He does have a consistent tone. The tone is truthful. Obviously ‘truth’ is word guaranteed to start arguments, but having such an identifiable tone is an advantage, but it seems to me to presuppose a stable identity from which that voice emerges.

Rightly or wrongly, I tend to think of people as a cluster of sub-personalities. So to me having a tone which is sustained for as long as Knausgaard sustains it, seems remarkable. It is a fictional device however, and a tension exists between the consistency of this device and the idea that Knausgaard is relentlessly truth telling.  I find the truthfulness in Knausgaard challenging in all the right ways.  He manages to convey a  searing emotional reality, that is strangely able to remain grounded in the concrete world.

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Sylvia Plath

Confessional writers appear to grant you permission to access to private thoughts. Sylvia Plath electrified this approach. Take Daddy written on October 1962.

Although the ‘I’ is addressing a ‘you’, I don’t really have any sense of  a dialogue here, rather of eavesdropping on one of those repetitive interior monologues.

If I’ve killed one man, I’ve killed two –
The vampire who said he was you
And drank my blood for a year,
Seven years, if you want to know.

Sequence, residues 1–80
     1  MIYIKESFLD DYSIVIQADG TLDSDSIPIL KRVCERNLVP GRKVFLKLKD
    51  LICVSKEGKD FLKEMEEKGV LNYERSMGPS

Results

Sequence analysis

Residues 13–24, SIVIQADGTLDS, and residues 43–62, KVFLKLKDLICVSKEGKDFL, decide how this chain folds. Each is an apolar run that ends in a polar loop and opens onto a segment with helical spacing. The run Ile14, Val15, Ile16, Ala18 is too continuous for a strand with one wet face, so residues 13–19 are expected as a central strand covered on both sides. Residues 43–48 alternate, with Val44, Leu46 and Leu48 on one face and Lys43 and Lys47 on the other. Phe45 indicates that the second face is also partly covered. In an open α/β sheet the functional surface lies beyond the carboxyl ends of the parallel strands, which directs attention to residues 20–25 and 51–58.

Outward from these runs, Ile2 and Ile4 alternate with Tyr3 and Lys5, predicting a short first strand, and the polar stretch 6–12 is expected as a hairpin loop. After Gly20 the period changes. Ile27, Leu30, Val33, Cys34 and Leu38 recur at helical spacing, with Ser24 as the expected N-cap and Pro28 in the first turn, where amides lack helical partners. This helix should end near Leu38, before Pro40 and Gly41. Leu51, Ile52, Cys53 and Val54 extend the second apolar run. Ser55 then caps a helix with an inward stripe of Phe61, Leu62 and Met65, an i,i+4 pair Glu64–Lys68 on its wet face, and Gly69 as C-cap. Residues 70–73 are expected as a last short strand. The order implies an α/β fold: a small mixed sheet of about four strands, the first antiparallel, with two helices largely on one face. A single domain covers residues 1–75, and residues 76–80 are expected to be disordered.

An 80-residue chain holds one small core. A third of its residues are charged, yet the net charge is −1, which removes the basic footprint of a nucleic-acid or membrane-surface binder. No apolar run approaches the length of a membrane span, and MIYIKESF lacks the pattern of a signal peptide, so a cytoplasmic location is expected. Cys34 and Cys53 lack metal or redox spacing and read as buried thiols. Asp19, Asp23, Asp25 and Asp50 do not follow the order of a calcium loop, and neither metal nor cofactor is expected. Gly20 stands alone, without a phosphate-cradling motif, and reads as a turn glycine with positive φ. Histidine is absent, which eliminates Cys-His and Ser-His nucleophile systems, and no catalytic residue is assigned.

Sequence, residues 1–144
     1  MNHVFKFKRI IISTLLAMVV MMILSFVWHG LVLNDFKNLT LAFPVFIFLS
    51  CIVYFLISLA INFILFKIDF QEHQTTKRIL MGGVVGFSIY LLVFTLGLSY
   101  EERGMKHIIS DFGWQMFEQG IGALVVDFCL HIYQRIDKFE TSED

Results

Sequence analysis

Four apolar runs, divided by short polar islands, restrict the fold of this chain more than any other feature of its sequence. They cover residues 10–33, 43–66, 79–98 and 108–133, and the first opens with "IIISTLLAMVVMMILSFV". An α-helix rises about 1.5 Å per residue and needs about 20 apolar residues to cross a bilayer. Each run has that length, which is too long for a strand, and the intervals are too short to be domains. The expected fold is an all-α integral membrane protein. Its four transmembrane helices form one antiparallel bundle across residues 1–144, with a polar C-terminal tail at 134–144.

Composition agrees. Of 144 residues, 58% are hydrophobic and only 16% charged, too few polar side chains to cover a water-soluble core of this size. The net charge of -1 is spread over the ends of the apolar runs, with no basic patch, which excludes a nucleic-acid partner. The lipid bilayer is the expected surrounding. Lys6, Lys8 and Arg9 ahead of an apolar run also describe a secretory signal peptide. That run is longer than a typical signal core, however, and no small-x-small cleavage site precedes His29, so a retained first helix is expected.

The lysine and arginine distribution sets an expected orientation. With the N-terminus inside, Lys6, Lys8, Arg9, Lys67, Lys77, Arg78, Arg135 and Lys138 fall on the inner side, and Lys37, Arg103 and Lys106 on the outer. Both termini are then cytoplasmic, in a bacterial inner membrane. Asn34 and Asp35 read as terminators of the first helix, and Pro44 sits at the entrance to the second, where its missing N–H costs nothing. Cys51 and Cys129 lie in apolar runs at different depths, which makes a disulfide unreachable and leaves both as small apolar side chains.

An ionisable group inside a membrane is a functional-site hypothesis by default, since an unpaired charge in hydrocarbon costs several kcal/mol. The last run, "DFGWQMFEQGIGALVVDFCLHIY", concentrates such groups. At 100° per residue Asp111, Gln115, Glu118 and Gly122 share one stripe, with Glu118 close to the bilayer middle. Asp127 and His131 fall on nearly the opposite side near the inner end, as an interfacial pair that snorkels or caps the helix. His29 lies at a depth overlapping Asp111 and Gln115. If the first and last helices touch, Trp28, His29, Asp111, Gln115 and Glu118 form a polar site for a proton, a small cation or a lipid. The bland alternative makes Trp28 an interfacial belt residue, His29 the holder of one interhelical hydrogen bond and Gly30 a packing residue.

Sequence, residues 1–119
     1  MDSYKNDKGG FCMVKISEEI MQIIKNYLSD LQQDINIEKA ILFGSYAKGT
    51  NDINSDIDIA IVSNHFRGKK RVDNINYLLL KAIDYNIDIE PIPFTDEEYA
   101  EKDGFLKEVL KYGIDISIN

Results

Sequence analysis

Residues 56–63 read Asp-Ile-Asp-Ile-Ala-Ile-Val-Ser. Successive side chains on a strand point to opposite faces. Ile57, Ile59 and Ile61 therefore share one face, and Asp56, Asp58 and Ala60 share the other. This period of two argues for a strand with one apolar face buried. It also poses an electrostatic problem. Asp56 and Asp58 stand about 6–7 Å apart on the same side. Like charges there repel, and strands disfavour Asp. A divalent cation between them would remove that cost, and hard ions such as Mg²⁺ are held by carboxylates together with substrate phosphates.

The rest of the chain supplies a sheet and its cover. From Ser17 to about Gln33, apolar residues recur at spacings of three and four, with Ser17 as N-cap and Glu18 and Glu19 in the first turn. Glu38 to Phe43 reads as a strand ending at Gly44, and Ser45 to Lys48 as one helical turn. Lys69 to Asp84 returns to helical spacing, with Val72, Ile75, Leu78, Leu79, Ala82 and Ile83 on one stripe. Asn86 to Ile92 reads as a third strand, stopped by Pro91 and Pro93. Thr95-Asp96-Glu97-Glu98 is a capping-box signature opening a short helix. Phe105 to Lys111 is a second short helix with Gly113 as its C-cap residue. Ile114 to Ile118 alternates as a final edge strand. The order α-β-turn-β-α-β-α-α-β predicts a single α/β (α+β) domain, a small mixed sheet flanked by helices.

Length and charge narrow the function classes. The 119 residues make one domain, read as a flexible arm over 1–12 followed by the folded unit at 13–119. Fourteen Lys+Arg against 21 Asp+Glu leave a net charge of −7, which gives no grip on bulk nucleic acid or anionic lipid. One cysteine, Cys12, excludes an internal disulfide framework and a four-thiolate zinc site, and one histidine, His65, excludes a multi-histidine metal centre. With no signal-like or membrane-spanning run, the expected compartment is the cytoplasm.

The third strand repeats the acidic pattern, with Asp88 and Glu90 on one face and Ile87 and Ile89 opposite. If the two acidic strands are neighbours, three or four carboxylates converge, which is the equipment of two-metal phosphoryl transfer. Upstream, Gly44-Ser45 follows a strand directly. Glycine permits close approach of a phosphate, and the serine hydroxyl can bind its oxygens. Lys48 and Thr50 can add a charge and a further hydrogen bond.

Daddy you can lie back now.

There’s a stake in your fat black heart
And the villagers never liked you.
They are dancing and stamping on you.
They always knew it was you.
Daddy, daddy, you bastard, I’m through.

(Daddy)

This sounds like a confession, but who is she confessing to? Us as readers I suppose.

Elsewhere in the poem she employs holocaust imagery to describe her Daddy, such as: ‘A man in black with a Meinkampf look’. Her father was a German-born academic who wrote a book about bumblebees, and arrived in the US at the age of 5 in 1900. Plath is clearly describing an emotional reality rather than a empirical one. But in the arena of her supercharged interior monologue, emotional and symbolic truths exist with mesmerising force.

As someone who likes plays, a fictionalised I, such as in a Shakespearian dramatic monologue, seems entirely normal. In English poetry Robert Browning was well known for his poems which were essentially dramatic monologues. While Y.B. Yeats had what he called ‘masks’ through which his various personae spoke. There is nothing new about toying with identity. The Portuguese poet Fernando Pessoa for example, published poems under several identities. When I visited his house in Lisbon, there were the horoscopes he’d drawn up for these different identities on the exterior walls of the house. Wikipedia lists 81 different heteronyms.

What Knausgaard makes me think about how we manage self-disclosure and present our truth in writing. When you can make your writing seem like unalloyed truth, the fripperies of fiction can seem artificial. I’m hoping that by gulping down another dose of  Knausgaard, my awareness of inauthenticity in my own work will be heightened.

For me the idea of who is this person who is writing your work, is quite an intriguing one.  I think I tend to give vent to different kinds of truth in my plays than I do in my poems. I like the idea of different media conveying different sub-personalities. But there must be some centre to it all somewhere, some bedrock of personality. Perhaps this is why I am enjoying Knausgaard so much. Perhaps we can infer from his work that there is a bedrock, and we find this reassuring.